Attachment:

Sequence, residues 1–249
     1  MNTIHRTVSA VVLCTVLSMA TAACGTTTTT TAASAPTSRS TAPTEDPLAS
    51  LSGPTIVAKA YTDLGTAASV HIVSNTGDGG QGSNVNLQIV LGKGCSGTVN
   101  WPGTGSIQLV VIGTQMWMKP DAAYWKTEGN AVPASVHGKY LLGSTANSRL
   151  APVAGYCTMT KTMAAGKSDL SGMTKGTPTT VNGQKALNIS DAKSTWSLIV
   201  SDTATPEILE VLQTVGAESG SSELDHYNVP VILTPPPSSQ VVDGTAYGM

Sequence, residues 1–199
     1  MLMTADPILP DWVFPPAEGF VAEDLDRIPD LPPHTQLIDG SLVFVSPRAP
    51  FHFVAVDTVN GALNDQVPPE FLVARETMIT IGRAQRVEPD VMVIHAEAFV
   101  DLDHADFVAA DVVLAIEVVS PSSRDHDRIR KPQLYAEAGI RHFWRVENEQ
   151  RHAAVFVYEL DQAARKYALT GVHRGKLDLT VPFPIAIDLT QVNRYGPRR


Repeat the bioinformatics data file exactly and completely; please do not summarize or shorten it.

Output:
Sequence, residues 1–249
     1  MNTIHRTVSA VVLCTVLSMA TAACGTTTTT TAASAPTSRS TAPTEDPLAS
    51  LSGPTIVAKA YTDLGTAASV HIVSNTGDGG QGSNVNLQIV LGKGCSGTVN
   101  WPGTGSIQLV VIGTQMWMKP DAAYWKTEGN AVPASVHGKY LLGSTANSRL
   151  APVAGYCTMT KTMAAGKSDL SGMTKGTPTT VNGQKALNIS DAKSTWSLIV
   201  SDTATPEILE VLQTVGAESG SSELDHYNVP VILTPPPSSQ VVDGTAYGM

Sequence, residues 1–199
     1  MLMTADPILP DWVFPPAEGF VAEDLDRIPD LPPHTQLIDG SLVFVSPRAP
    51  FHFVAVDTVN GALNDQVPPE FLVARETMIT IGRAQRVEPD VMVIHAEAFV
   101  DLDHADFVAA DVVLAIEVVS PSSRDHDRIR KPQLYAEAGI RHFWRVENEQ
   151  RHAAVFVYEL DQAARKYALT GVHRGKLDLT VPFPIAIDLT QVNRYGPRR